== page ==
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Mar 21, 2024
4 min

WISPs Are Facing Stormy Waters—But There’s Still a Clear Path to Success

Last month, wireless internet service providers (WISPs) had reason to cheer an FCC decision that potentially paves the way for WISPs to use a new spectrum band, 6GHz. By earmarking parts of this valuable band for shared use, the WISPs—who can lack the means to acquire exclusive spectrum licenses—have a potential route to further growth.

This is welcome news for a part of the broadband industry that faces a challenging future.

The estimated 2,000 WISPs across the United States have played an important role in extending broadband to underserved—mainly rural—areas in recent years. Many WISPs are small companies, rooted in the communities that they serve, that have built trusted relationships with their subscribers.

The rapid rise of WISPs around five years ago rested on deploying fixed-wireless access (FWA) technology. This enabled them to wirelessly connect premises to a central base station, eliminating the need for traditional wired connections using fiber-optic cables or DSL lines. This approach was well suited to serving regions where deploying traditional fixed infrastructure is difficult or economically unviable.

This meant WISPs often had little or no competition in the early days. But this has changed.

The Rising Competitive Threat

The number of FWA subscribers in the U.S. reached 8.6 million in 2023, up from just 1.6 million in 2019, and is forecast to hit 18 million by 2027. But the problem for WISPs is that much of this future growth is expected to go to much larger rivals. That’s because large national wireless carriers and cable providers are also taking advantage of the emerging FWA opportunity and are encroaching on markets where many WISPs are present.

Competition is also coming from fiber providers. While several WISPs have been beneficiaries of federal funding programs aimed at closing the digital divide, most of this public funding has gone to fiber providers. Private funding has also tended to favor fiber-based infrastructure, viewing it as a more viable investment opportunity. The upshot is further competition in markets where WISPs may have once been the sole provider. Electric cooperatives, for example—with very deep roots in their local markets—are taking advantage of federal funding to build out fiber across their electric grid infrastructure.

Moving Towards a Hybrid Approach

Faced with these competitive headwinds, WISPs are reevaluating their strategies. For many, this means rolling out fiber themselves. This is partly to get a slice of the federal funding that is favoring fiber over FWA, but also to take advantage of fiber’s faster speeds and reliability. Some will move to a hybrid model, using fiber in the backhaul or last mile, while many are likely to become “fiber-first” in more densely populated markets.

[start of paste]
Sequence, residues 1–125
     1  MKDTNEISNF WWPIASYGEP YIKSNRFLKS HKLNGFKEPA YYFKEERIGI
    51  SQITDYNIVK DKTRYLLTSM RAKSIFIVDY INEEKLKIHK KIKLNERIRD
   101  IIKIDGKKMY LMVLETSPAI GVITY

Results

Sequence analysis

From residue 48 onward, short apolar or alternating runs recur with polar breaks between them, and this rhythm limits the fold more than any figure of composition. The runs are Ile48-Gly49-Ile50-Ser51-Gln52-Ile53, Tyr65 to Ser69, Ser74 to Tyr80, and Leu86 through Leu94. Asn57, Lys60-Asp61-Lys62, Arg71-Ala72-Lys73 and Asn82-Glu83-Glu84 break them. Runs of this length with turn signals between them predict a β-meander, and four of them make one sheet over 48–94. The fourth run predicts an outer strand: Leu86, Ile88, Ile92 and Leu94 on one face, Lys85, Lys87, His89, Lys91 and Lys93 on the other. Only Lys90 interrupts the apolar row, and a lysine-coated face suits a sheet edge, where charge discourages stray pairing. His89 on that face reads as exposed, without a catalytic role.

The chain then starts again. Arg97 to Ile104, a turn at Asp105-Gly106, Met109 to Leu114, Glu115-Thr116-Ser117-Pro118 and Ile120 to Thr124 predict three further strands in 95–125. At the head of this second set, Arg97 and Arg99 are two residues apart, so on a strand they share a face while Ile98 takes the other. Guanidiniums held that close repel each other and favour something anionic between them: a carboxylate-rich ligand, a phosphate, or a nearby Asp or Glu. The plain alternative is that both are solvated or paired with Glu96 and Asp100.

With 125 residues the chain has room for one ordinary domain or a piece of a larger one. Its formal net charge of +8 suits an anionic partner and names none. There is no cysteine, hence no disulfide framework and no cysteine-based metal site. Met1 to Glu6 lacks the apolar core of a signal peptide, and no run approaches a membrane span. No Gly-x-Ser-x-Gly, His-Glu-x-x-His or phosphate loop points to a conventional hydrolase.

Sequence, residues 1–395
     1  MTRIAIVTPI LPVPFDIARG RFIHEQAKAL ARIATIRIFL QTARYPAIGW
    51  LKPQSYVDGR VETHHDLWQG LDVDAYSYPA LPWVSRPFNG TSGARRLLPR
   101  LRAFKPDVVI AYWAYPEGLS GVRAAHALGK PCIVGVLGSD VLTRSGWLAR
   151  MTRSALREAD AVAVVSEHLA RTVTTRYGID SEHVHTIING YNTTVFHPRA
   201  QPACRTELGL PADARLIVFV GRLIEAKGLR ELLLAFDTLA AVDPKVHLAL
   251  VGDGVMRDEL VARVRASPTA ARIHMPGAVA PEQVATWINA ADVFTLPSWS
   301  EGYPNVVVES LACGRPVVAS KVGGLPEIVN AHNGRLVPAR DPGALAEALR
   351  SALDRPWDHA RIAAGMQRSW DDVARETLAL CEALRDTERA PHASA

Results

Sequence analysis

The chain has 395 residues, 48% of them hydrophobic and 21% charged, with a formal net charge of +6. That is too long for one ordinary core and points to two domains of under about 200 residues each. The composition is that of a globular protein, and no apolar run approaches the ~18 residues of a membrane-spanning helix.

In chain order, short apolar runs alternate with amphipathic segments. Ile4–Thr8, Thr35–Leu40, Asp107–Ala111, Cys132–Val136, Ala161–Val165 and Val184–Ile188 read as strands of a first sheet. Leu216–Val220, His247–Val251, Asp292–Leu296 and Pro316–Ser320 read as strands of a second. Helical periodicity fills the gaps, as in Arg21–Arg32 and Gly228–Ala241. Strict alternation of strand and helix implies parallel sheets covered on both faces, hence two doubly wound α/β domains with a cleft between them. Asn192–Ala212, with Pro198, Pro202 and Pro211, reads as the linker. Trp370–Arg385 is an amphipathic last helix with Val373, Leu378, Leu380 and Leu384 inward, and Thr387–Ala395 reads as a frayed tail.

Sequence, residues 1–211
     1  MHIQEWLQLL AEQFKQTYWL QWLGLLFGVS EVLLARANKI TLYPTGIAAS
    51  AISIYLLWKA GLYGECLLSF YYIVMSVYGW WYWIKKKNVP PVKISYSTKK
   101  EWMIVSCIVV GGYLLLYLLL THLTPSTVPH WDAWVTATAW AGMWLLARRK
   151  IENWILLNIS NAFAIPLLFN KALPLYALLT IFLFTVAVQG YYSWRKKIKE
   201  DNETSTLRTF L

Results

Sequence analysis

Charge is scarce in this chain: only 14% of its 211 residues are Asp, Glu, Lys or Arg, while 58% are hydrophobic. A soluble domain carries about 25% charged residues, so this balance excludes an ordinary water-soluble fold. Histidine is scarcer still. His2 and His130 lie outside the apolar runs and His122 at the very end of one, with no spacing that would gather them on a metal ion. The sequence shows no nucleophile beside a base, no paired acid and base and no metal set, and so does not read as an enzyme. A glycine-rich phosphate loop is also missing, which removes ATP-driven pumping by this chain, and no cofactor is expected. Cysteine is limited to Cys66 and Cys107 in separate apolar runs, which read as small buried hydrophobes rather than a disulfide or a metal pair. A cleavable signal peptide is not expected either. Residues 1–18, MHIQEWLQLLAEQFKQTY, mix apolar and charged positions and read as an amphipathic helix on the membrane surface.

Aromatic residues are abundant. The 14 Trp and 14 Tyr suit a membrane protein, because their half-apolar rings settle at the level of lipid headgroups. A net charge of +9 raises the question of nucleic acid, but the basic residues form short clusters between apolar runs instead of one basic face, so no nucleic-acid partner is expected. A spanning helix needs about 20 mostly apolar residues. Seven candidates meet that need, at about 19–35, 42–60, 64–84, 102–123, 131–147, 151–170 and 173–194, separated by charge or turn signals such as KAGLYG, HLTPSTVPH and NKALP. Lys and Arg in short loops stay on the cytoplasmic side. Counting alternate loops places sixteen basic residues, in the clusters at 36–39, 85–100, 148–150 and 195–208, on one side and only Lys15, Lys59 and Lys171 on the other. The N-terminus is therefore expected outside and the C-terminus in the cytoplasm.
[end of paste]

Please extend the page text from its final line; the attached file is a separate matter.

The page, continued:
Advocates of the traditional WISP model maintain that FWA technology still has a role to play in meeting the government’s goal of extending high-speed broadband to all corners of the country. The WISP Association (WISPA), for example, argues that the Biden Administration’s “Internet for All” initiative will only succeed if it considers all available technologies.

The Way Ahead

The era of minimal competition for the WISPs may have passed, but they are not giving up anytime soon. There remain pockets of the country where FWA is the only viable broadband technology—and it remains the most cost-effective way to build, deploy, and maintain a network.

More importantly, WISPs retain the advantage of being local companies, staffed by people from the communities that they serve. Key to their future success will be the ability to deliver a broadband experience that continues to build loyalty among subscribers—and keeps the WISPs one step ahead of the competition.

To learn more about how Wireless Internet Service Providers can build subscriber trust and loyalty through exceptional Wi-Fi experiences, download our eBook “The Way Forward for WISPs: Strategies for Winning in the Wi-Fi Market”.

Senior Marketing Manager, Segment Marketing

Susan Higgins is the senior marketing manager, segment marketing at Calix. Susan supports the wireless ISP (WISP) segment and brings over 25 years of experience in telecommunications, focusing on communications, market research, strategy, and sales enablement. Before Calix, Susan worked for Frontier Communications, Verizon Wholesale, and Sprint. Susan holds a B.A. in mathematics and psychology, an MBA in B2B marketing, a professional diploma in customer experience, and is a certified digital marketing professional (AMA+DMI).

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